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Changing roles for a storied campus
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Changing roles for a storied campus

Rutgers officials and Jewish leaders recall a history of diversity

John Farmer, left, dean of Rutgers School of Law, and Steven Diner, chancellor of Rutgers Newark, explain their university’s heritage and diversity programs.
John Farmer, left, dean of Rutgers School of Law, and Steven Diner, chancellor of Rutgers Newark, explain their university’s heritage and diversity programs.

College officials and local Jewish leaders recalled the historic mission of Rutgers University’s Newark campus and its ongoing role in educating immigrant and minority communities.

Meeting with representatives of the Community Relations Committee of United Jewish Communities of MetroWest NJ on Dec. 16, administrators described the campus as a national model for ethnic tolerance and diversity, one steeped in Jewish history.

“Rutgers Law School was a school of immigrants, in the early days, mostly Jewish, but of all nationalities,” said John Farmer, dean of Rutgers School of Law. “It gave people opportunities they would never have had otherwise. It is still that. The particular ethnic composition changes over time, but the mission remains the same.”

Farmer and Steven J. Diner, chancellor of Rutgers University-Newark since July 2002, met with members of the CRC’s Newark Advisory Council in the law school’s conference room. Although neither saw a specific issue demanding the attention of Essex County’s largely suburban Jewish community, both sides said they appreciated the opportunity to discuss the state’s current and historic role.

“We brag that you can get the kind of education here you can’t get in most institutions because of the nature of the student body,” said Diner.

The campus began as a “streetcar university” — a merger of two law schools, a business school, and an undergraduate college that became the University of Newark.

In 1946, it merged again, this time with Rutgers, which was then a private institution. In the years after World War II, Rutgers Newark “was a heavily Jewish campus,” said Diner.

Records of board meetings from that era reveal a cynical ulterior motive for the merger: “They wanted to keep the Jews out” of Rutgers’ main campus in New Brunswick, he said. “It is in the minutes and they weren’t even embarrassed by it, but hopefully we’ve come a ways since then.”

Today, the campus’ mission remains “providing a great education at relatively low cost,” said the chancellor.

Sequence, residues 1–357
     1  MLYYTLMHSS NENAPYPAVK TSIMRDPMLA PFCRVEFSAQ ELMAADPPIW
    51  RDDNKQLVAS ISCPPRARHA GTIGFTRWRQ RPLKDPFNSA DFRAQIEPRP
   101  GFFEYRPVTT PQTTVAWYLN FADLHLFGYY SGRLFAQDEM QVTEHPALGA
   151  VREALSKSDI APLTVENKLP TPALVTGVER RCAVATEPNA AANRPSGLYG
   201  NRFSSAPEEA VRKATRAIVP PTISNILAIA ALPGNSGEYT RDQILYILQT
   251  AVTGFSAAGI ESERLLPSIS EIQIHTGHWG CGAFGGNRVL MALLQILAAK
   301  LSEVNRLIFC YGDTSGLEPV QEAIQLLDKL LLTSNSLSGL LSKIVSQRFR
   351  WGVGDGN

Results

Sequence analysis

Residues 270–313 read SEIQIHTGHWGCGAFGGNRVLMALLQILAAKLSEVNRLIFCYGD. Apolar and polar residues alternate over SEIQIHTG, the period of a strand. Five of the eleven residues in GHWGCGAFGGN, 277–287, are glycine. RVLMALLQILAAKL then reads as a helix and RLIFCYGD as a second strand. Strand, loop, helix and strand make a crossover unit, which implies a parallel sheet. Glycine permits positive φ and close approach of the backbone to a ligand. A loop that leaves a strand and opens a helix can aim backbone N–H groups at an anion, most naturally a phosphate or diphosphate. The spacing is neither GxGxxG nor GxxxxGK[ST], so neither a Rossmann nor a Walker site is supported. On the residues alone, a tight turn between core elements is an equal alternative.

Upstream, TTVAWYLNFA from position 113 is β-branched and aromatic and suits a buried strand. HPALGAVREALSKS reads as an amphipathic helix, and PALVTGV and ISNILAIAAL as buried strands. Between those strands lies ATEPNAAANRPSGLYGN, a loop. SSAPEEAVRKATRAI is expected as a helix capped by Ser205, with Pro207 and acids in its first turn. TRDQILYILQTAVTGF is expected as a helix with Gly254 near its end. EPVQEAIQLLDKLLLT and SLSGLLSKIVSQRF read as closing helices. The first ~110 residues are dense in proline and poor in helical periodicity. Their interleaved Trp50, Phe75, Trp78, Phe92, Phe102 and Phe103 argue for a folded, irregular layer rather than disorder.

The school’s rapidly growing enrollment now stands at 11,500 students, and Diner expects it to reach 12,000 within a year.

In earlier years, he said, “white suburban parents — if not their kids — had fears” about commuting to Newark. “But we think we’ve overcome that,” said the chancellor.

Unrest and rebirth

Farmer and Diner recalled the troubled legacy of the 1960s, including the civil unrest in 1967 that left 26 people dead and hundreds injured in the nearby Central Ward. Two years later, some of the few African-American students then attending the school occupied a building and won sweeping changes in minority admission and faculty hiring programs.

“That was the turning point,” said Diner. “After that, it forced Rutgers overall and this campus in particular to really confront the issue of race.”

Turning to his right, the chancellor gestured across the conference table to Norman Samuels, the university’s former provost and currently a professor of political science.

“The word is, their adviser was a young assistant professor of political science named Samuels,” Diner said. Samuels, a member of the advisory council and past president of the NJ Jewish News, smiled.

Diner boasted that for the past 13 years, U.S. News and World Report has ranked his campus as number one in racial diversity.

Former CRC chair Merle Kalishman of Livingston asked whether “there have been issues on this campus that would concern us in the Jewish community.” Diner responded, “I can’t really think of anything,” then turned to Samuels.

“We’ve been remarkably free” of the kind of anti-Israel or anti-Semitic incidents seen at other schools around the nation, said Samuels. “There is a level of tolerance here because there has not been any predominant group. We have had speakers here who have run the gamut of the worst kind of radical thought, and we simply don’t make a fuss about it. When a student group invites them, we let them speak. We simply say, ‘Do what you want.’”

Diner and Samuels “showed us the contributions they and their university are making in Newark,” said CRC associate director Melanie Roth Gorelick. “It was great to see their enthusiasm and the pride they have in their school’s tolerance and diversity.”

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